And He interacted, regularly, with people one on one. It causes me much reflection, and impels me to look at my own behavior and adjust it to be in line with His, in so much as I can. I love the world of the Internet, but I also see how easily we can be drawn by the stressful, uncaring side of it, so I do try to connect, and I am delighted to connect with people who connect with me –as you so graciously do! — Carolyn

  3. That is too fun! While I do can, I can because I love to. If I didn’t love it, I would probably stop. Too hot and too much work to do it when you hate it. :) I’ll have to pass this along to other mamas I know who don’t get out a pressure or water bath canner everyday during summer. :)

    • Betsy — I am happy to meet a canine person who does it because she loves it — that’s the right reason!!! And I know that, when you bring down a can of something that you have produced, you feel a sense of pride and joy incorporating it into your meal. That pride and joy, the one we get when we create something, is beautiful indeed.

      I would be so very very grateful if you pass me on to your non-canning friends. I would love to hear from them. — Carolyn

  4. Mardra says:

    I can’t can, either. :)
    But I’d like to know more about this pumpkin eating you do. SO, I’ll be back.

  5. Cathy says:

    Thanks so much for sharing at A Peek Into My Paradise TGIF Link Party! I can’t wait to see what you link up next week! I hope to see you at the (Not SO) Wordless Wednesday Blog Hop! http://apeekintomyparadise.blogspot.com/

    Have a terrific week!

    Hugs, Cathy

    • Thank you, Cathy. I’m looking forward to seeing my guest blog on your site next week, and thank you again for inviting me to write one.

      I love your TGIF party and will participate this week with a post on finances and saving money. — Carolyn

  6. eema.gray says:

    I despise canning. I live in a high desert, above 6,000 ft altitutde. If you’ve ever taken a wander through the front pages of a canning book, you know that canning times go up with altitude. Add in hundred degree heat some weeks of summer and and small children and yes, it’s a pain up the back.

    However, I still like to have greens in mid winter and I don’t want to buy pretty much the cheapest vegetable known to man so my solutions are dehydrating, freezing, and fermenting. Fermenting and dehydrating are pretty much the simplest methods of preservation known to mankind. While I agree with eating seasonal and continually lecture my husband about the reasons why we are not eating tomato salads in January, I do not live in a place where produce grows ten months out of the year (you lot in SoCal are so incredibly lucky!). If I want vegetables between December and June (May, if I forage), I need to preserve in some way. I can assure you that I do not serve slimy anything. ;-)

    • Eema — I love this, and I love your attitude. The thought of the high altitude, the heat, and the extra processing time makes me shudder. As I write this, it is a sweltering 100-plus degrees in the Pacific Northwest, an area generally thought to be bracingly cool. Not in July, and not on the east side of the Cascades! No desire, at all, to seek out a box of peaches and plunge them into hot water.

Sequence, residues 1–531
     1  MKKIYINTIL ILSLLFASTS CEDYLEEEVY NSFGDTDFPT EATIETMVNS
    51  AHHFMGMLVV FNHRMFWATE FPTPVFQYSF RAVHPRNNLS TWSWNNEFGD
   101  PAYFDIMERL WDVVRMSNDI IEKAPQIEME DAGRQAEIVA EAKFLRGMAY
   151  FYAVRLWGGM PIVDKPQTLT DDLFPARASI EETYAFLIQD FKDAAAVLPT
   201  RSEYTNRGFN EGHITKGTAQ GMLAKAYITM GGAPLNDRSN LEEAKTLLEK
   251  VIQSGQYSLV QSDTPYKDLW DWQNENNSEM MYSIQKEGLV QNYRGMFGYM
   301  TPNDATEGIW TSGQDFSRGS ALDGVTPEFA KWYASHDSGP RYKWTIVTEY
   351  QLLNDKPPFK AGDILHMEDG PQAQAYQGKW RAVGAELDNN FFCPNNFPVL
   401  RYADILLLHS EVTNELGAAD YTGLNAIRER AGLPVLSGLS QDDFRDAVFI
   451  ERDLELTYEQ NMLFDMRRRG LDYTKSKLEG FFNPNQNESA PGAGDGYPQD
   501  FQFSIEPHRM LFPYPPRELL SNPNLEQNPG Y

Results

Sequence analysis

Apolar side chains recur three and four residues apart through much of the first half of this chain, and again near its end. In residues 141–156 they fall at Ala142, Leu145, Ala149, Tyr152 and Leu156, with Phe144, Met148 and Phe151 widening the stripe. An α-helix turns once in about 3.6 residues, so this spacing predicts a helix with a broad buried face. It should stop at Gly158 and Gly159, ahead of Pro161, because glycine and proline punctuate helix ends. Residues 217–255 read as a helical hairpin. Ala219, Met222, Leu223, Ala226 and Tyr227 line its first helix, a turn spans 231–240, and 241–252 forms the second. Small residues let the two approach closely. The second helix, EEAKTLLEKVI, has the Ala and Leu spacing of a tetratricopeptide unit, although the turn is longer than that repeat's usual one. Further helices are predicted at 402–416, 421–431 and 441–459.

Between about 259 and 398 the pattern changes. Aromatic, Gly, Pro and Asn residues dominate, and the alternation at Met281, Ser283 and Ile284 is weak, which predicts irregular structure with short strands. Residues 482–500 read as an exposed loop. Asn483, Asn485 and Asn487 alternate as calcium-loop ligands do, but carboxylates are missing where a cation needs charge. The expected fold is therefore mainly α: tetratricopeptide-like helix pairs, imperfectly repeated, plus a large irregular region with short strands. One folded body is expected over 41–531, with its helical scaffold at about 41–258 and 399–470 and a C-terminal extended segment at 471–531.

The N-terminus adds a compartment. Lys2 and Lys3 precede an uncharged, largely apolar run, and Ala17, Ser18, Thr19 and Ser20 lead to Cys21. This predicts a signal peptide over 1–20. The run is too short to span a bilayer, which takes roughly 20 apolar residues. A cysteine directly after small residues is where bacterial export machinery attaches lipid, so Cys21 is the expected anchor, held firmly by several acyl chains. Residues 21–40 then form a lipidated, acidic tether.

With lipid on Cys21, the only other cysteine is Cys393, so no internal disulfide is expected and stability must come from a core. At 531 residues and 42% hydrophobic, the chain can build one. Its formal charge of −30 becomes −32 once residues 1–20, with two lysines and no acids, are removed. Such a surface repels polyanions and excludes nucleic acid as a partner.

I like your blanching and freezing — I freeze raspberries, especially, which don’t need anything but being tossed on a cookie sheet until they freeze, then tucked into a bag. I also like your fermenting concept — I’m still dancing around the thought of doing this, although I have forayed into Kombucha, yogurt, and cheese. Never done the sauerkraut yet — my mother grew up on a small farm, and every time I mention the term sauerkraut, she turns green.

      I wonder — how many of our grandmothers would have walked away from the canning pot if they had had the option of freezers? Or dehydrators?

      Can you grow greens in the winter? Or does it get too cold? — Carolyn

  7. Kerry says:

    I think it is fine to not can or freeze your produce– we personally adore canned green beans here in our family so I can many, many, many jars. But it would be a waste of time and money to can something that you wouldn’t use….and that is the bottom line when trying to save money– never ever spend your money on something you won’t use– right??

    Thank you for sharing on A Humble Bumble’s Healthy Tuesdays Blog Hop- I hope you will join us again next week!
    Kerry from Country Living On A Hill

    • Kerry — You nailed it — never ever spend your money on something you don’t use. I think of someone we knew years ago who had two freezers; they pretty much ate out of the top of the chest freezer and the front of the upright freezer, and everything else slowly turned to ancient frozen food product in the nether regions. Not only was the food wasted (it would have been better to get a dog and feed the leftovers to it), but extra energy was put into two appliances that weren’t being put to their best use.

      I am so glad that you and your family like green beans; and I am glad that you get enjoyment and joy out of preserving them. I do admire the kitchens and pantries with their lovely shelves of proudly, and beautifully, preserved food.

      Thank you for having me on the Humble Bumble Blog Hop, and I do plan to be back next week! — Carolyn